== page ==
23/12/2015 – Clarifications on the exhaustive character of the EU system of PDO/PGI protection (Ruling on the Trademark PORT CHARLOTTE)

In November, the General Court of the EU (Fourth Chamber) ruled on case T-659/14 (“Instituto dos Vinhos do Douro e do Porto” – IVDP, the public body in charge of the protection of the GI Porto, v. the Office for the Harmonization in the internal Market – OHIM), concerning the trademark “PORT CHARLOTTE”. Such trademark, first applied for alcoholic beverages (class 33 in the Nice classification), later restricted to goods corresponding to the description “whisky”, had been registered by the company Bruichladdich Distillery Co. Ltd.

In 2011, the IVDP had filed an application for a declaration of invalidity of the trademark at issue, under the relevant articles of the Community Trade Mark Regulation (CTMR). In support of this, the IVDP claimed that the appellations of origin porto and port were protected in all the EU Member States by several provisions of the Portuguese law on GIs as well as by Article 118m(2) of Council Regulation (EC) No 491/2009 establishing a common organisation of agricultural markets. The cancellation division of OHIM first, and the Fourth Board of appeal later (Case R 946/2013-4), rejected the application of invalidity. In particular, the OHIM considered that the EU GIs Regulations, including the one applicable to GI wines, establish a uniform and exhaustive system of protection. As a result, national laws cannot be invoked against a trade mark application conflicting with a given GI (OHIM Guidelines part C section 4 page 11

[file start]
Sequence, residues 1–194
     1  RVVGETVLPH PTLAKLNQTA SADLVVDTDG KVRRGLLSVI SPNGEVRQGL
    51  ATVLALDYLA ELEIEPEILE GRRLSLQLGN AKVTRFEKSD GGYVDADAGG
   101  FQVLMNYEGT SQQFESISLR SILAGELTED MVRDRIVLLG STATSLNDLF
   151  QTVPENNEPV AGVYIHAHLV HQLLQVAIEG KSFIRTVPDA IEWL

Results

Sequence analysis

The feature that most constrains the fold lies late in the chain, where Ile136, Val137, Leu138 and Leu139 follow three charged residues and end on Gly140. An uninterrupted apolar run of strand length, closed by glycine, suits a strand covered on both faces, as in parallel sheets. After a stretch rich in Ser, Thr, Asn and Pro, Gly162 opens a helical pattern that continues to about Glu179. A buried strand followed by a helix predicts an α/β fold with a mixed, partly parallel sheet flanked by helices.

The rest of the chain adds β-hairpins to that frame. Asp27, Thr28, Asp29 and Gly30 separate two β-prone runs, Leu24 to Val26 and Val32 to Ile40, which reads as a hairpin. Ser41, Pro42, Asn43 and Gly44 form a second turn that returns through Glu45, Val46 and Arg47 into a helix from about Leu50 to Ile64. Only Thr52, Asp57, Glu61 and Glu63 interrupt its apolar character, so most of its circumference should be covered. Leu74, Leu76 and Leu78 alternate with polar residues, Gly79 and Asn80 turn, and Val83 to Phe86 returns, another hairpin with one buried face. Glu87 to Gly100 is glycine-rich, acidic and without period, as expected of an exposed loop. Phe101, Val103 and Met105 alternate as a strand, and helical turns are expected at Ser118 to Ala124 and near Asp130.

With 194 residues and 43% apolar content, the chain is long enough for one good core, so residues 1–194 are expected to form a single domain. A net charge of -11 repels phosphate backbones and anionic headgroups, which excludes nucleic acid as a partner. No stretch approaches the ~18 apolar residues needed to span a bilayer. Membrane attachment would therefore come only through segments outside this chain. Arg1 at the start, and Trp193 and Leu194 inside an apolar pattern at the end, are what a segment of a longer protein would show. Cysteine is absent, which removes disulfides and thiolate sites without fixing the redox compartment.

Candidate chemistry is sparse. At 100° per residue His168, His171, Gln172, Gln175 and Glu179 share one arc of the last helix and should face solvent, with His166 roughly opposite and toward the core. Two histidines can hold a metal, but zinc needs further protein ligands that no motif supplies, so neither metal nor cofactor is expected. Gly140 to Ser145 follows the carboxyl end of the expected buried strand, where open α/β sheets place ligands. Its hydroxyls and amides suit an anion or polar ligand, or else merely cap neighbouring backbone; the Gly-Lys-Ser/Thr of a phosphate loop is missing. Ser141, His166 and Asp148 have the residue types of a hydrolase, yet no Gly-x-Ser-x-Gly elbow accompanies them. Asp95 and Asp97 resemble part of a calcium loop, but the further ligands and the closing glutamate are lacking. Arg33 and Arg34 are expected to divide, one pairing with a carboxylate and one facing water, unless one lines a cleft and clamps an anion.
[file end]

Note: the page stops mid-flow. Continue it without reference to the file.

In so far as the applicant relied on the reputation of those designations of origin within the meaning of Article 118m(2)(a)(ii) of Regulation (EC) No 491/2009, the Board of Appeal found that the contested mark neither ‘use[d]’ nor ‘evoke[d)’ the geographical indications ‘porto’ or ‘port’, so that it was not necessary to ascertain whether they had a reputation.

The General Court annulled the decision of the OHIM Board of Appeal founding that the relevant national law may supplement the EU legislation. The Court considered that the OHIM failed to apply the relevant rules of Portuguese law as “The question of the extent to which a sign which is protected in a Member State confers the right to prohibit the use of a subsequent trade mark must be examined in the light of the applicable national law”. This decision – which on the issue of whether the EU system of PDO/PGI protection has an exhaustive nature – differs from others concerning PDO and PGI for agricultural products and foodstuffs (e.g.: C-478/07, Bud) – will affect the established practice of the OHIM.

Read the full Court’s judgment (see in particular paragraphs 44-47-49)


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